Learning to love yourself - a practical guide to self-love
As Valentine's Day approached this year, I started thinking about love, and more specifically, about how society’s idea of love is so heavily based on loving another person, or another person loving us.
Multi-million-dollar companies are cashing in on our desire for love, from the rom-com movie industry to the Valentine's Day machine. But do we even truly know what love means to us, what it feels like to us? Do we know what will really make us feel loved?
How can we show others how to love us if we do not know how to love ourselves?
Self-love is currently a trendy topic in personal development and coaching circles, but figuring out how to cultivate it is still as esoteric as Theoretical Physics.
It wasn’t until I started understanding how the wounds inflicted in my childhood caused me to adopt survival strategies by internalizing my circumstances that the concept of self-love started making sense to me. It finally became clear when I framed it within the context of self-hate.
Let me explain: These survival strategies motivated my thoughts, beliefs and behaviors well into adulthood. However, once I realized that the things I hated about myself did not stem from me being a bad or deficient person, but that they were there to help me survive, I started giving myself a break. I started to understand that these hurtful strategies had once helped me cope with the circumstances I had experienced, but now that I was conscious of them, it was up to me to heal and shift them.
That discovery was crucial; it not only helped me feel empowered, but it also gave me a sense of relief, the space to forgive myself and gratitude for my survival instincts. That is how my journey to self-love began.
I define self-love as a state of acceptance, compassion, appreciation, and respect for oneself. I don’t believe it is about always putting yourself first, but rather always considering and tending to your needs and emotions, even when you consciously choose not to put yourself first.
It's taken me a while to get to where I am today. The road was treacherous, but I can genuinely say that I love myself.
To help you, here are some of the practical steps on how to start your self-love journey.
Step 1: Self-Awareness
Learn about yourself – about your reactions, wounds, and emotions. Learn about what makes you feel loved and what does not.
In reality, this is a lifelong process, but you have to start somewhere. Identifying what triggers you is a great jumping off point for achieving self-awareness, and there are several videos on my YouTube channel that can help you with this.
I also suggest reading the book The Five Languages of Love, which will help you identify how you experience love from others. It is also a great tool for learning how to show yourself love.
Step 2: Acceptance
We are all doing the best we can at any given point in time. We are not taught how to live healthy, fulfilling lives, so we have to go through a lot of trial and error to figure this out ourselves. And that’s perfectly okay. You are constantly growing, and all of those past experiences are helping you along the way. Remember to show yourself at least a fraction of the compassion you would show a friend.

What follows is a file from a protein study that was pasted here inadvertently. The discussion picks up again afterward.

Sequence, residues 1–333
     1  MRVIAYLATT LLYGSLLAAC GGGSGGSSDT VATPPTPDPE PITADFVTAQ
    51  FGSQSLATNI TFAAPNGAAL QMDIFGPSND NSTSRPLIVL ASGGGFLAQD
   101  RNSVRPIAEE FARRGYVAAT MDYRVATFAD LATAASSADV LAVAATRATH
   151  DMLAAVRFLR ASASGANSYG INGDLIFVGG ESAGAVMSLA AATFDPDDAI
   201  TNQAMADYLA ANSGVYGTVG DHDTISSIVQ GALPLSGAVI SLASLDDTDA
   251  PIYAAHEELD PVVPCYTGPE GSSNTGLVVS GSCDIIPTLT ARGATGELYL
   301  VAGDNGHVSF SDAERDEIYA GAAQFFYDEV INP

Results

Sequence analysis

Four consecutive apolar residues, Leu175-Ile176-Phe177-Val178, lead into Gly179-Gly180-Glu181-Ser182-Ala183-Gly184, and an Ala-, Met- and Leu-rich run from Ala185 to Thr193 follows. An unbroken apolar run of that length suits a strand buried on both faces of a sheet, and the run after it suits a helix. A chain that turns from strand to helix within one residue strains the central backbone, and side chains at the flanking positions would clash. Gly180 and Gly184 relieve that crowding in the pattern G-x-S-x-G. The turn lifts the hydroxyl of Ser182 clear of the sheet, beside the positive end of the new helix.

Self-acceptance is not limited to accepting the mistakes we made in the past. It is also important to accept our emotions and needs. Give yourself permission to need what you need and want what you desire.
All of your emotions and desires are a valid part of you. You don't have to love them all, or even like them. For now, just focus on accepting that they are all a part of you.
Step 3: Embracing the Ego
This is almost a sub-category of Step 2, but it deserves its own place because, especially in the spiritual community, it is very common to want to detach from the ego. The ego is perceived to be the cause of our problems, and by detaching from it, we can supposedly ascend and leave behind our earthly shortcomings.
But the ego is what makes us human. Attempting to detach from or transcend it suggests that we are rejecting it, which is the opposite of self-love.
Step 4: Understand It is a Process
I have learned to love myself, but there are still plenty of days when I don't like myself very much. Maybe I am feeling down about my appearance, or maybe I am hung up on a past failure. Whatever it may be, it is all part of the process. Allowing yourself to experience all of your emotions is part of achieving acceptance.
Let go of the idea that loving yourself resembles those old-fashioned tampon commercials, where women run around in fields of flowers. While that may be the case some days, on others, you will feel like you are swimming through sewage.
The book Radical Acceptance is a great tool during this step.
Step 5: Mirror, Mirror on the Wall...
There is a simple exercise that can help you start reconnecting with yourself, although most of us struggle with it at first. Look at yourself in the mirror, gazing only into your eyes – deeply. As if you were staring at the love of your life.
You don't have to say I love you. You don't even have to smile. Just start by deeply looking for a couple of minutes every day. After a while, you will notice how your eyes and face start softening. This is a sign that your heart is also softening.
While the steps above will help you get started, you will need support and guidance from an experienced resource throughout this journey and from those closest to you. My multi-dimensional framework to understanding and healing emotional wounds is a unique approach to address these issues.
There are many methods and tools you can use to find self-love. Most people will probably choose the express highway, if such a thing even exists. My wish is that you take the scenic route so you can savor all of the beauty and surprises that show up along the way.
The Five Languages of Love by Gary Chapman
Radical Acceptance by Tara Brach